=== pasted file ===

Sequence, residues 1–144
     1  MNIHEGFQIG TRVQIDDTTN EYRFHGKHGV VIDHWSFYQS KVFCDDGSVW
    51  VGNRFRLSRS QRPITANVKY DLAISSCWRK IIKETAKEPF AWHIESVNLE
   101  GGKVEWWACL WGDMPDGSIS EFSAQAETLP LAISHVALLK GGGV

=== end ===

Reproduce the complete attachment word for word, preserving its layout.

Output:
Sequence, residues 1–144
     1  MNIHEGFQIG TRVQIDDTTN EYRFHGKHGV VIDHWSFYQS KVFCDDGSVW
    51  VGNRFRLSRS QRPITANVKY DLAISSCWRK IIKETAKEPF AWHIESVNLE
   101  GGKVEWWACL WGDMPDGSIS EFSAQAETLP LAISHVALLK GGGV